Slegest

Løyndom

Written by: EW on 09/01/2014 23:04:01

Not knowing the Slegest name I signed up for their debut album "Løyndom" on the basis of the album cover bearing strong similarity to Thyrfing's "Farsotstider" (an album I love), and it turns out I made a good decision in doing so. They, or should I say lone member Ese, doesn't sound akin to Thyrfing, but he peddles dark Norwegian attitudes in a surprisingly rocking album full of verve and panache. The simple 4/4 drumbeat and riff which starts opener "Ho Som Haustar Aleine", will tell you a very great deal about the subsequent direction of the album from here. The doom rocking vibes bleed from every pore, bringing to mind fellow Norwegian practioners old, Enslaved, and new, fellow Devil and Sarke, as a grizzled production and lack of virtuosity mark out a performance low on showmanship but revelling in the crusty, smoke-filled aura of subterranean rock. Alas, it is not quite as simple as that however, for Ese's croaky vocals mine the same collective well Grutle of Enslaved drinks from, burning a blackened tone into the album's blueprint. Furthering the Enslaved influence is the lead guitar tone heard through much of the album; "Faceless Queen", "Løgna Sin Fiende" and "Rooted in Knowledge" happily certify the band's own roots in transcending genres in the making of a vibrant new entity.

Slegest's (/Ese's) reluctance to add shine or virtuosity is a drawback in the moments when the energy levels falter as the transcending gloom drags the flow into a morass of self-depreciation that is not befitting the groove he gets into during "Løgna...", the fantastically catchy "Dirt Life Death" or the opener. As a standout track I would put "Dirt Life Death" on a pedestal close to The Devil's Blood's "Christ or Cocaine" - these are two tracks which possess the potential to appeal to black metallers looking for a swinging darkened beat, and old-time rock fans after a spark of passionate youth to inject into their battered old LP collection. Like all the best rock it is based around that 4/4 beat with a rising then falling intonation coalescing into a passage that hits the spot on the very first listen, at the time sounding so similar yet unheard.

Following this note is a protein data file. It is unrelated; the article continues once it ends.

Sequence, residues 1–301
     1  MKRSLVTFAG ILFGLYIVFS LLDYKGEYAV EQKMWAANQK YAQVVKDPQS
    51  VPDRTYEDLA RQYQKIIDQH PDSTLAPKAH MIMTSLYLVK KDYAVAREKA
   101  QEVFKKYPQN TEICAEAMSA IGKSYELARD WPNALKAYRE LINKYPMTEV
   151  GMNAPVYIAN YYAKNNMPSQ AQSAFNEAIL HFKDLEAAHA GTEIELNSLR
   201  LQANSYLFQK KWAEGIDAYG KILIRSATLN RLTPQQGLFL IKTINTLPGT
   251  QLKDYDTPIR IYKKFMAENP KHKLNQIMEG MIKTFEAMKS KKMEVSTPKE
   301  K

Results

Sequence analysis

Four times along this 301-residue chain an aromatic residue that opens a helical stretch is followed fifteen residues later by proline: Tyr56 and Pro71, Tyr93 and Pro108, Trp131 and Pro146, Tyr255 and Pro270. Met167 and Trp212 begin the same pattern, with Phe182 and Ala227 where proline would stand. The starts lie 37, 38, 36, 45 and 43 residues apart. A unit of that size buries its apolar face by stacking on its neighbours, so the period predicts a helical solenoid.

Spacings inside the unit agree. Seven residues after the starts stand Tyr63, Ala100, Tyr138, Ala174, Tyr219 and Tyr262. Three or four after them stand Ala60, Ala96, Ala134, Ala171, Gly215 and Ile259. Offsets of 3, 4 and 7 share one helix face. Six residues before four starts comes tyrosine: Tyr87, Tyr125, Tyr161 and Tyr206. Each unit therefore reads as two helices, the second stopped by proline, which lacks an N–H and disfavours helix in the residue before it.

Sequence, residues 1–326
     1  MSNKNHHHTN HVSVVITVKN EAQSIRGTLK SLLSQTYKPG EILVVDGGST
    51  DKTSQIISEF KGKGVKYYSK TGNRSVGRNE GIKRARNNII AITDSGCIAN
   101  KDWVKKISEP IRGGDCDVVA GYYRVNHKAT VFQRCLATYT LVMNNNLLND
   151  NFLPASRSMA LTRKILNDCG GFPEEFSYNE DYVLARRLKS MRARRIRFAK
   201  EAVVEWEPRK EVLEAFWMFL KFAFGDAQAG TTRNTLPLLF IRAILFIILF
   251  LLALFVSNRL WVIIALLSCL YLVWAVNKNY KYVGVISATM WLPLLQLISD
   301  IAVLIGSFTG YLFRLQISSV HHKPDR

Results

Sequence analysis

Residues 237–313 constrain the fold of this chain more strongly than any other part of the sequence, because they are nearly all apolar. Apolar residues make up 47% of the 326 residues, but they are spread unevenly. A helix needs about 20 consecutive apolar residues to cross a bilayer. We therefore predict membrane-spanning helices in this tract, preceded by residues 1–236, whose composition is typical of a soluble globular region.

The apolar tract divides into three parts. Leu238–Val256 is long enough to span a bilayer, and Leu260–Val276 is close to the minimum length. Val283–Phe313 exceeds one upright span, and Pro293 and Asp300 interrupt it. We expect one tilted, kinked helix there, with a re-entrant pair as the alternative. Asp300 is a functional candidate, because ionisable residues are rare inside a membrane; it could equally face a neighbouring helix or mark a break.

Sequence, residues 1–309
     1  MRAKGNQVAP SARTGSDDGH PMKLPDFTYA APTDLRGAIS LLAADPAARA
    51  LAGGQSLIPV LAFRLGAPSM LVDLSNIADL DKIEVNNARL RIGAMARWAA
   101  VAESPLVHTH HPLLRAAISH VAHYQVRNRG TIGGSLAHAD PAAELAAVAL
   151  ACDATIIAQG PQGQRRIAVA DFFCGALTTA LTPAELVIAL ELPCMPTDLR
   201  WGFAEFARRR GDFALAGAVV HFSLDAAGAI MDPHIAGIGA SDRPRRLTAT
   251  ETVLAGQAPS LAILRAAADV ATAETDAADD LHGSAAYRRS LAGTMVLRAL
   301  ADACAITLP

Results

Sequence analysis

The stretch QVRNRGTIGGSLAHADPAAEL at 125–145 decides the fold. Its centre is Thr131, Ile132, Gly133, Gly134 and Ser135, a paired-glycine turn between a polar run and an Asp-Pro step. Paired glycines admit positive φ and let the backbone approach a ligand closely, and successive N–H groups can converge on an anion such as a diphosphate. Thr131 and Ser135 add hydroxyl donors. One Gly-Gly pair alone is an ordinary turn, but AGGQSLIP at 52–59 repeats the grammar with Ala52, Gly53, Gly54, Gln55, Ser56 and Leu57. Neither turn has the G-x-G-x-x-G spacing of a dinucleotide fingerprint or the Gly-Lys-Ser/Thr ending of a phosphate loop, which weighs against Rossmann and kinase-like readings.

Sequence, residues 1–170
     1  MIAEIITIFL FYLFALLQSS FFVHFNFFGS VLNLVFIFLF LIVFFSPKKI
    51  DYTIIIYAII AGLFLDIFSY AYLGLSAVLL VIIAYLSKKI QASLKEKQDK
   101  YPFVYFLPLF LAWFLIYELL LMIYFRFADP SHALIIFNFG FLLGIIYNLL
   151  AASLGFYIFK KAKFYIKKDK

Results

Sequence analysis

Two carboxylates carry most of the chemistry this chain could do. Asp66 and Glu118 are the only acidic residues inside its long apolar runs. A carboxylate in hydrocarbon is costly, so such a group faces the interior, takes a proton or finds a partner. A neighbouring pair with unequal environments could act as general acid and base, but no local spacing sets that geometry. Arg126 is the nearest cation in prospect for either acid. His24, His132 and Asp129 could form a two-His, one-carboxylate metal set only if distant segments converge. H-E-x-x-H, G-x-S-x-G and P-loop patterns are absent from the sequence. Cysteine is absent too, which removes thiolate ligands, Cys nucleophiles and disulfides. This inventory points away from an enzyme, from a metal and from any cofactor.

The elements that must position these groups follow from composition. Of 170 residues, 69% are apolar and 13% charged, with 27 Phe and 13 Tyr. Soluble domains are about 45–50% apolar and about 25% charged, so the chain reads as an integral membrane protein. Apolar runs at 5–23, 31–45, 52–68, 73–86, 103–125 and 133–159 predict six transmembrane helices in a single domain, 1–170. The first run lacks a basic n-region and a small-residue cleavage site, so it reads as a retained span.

Performance-wise I am not convinced that Ese is pushing himself as hard as he could go, based on what he is capable of at times. There is that "Dirt Life Death" riff and the soloing in "Faceless Queen", but these are tempered with the more plodding "I Slike Stunder" and "The Path of No Return" which hold me back on my grading of the album; however this is far more than a mere debut release of a bedroom black metaller. The production is clear yet possessive of a requisite amount of grit to keep the album's scope grounded while the drum sound is natural and solid, facets that are rarely commendable in one-man project outings. At it's best, "Løyndom" reminds me of Devil's excellent effort from last year, and with some ironing out of a few rough edges Ese and his creative mind has the potential to please me similarly in time to come. A promising outing for a lone wolf.

7

Download: Dirt Life Death, Rooted in Knowledge
For The Fans Of: Devil, Enslaved, Sarke, Vreid
Listen: Facebook

Release date: 15.10.2013
Dark Essence Records

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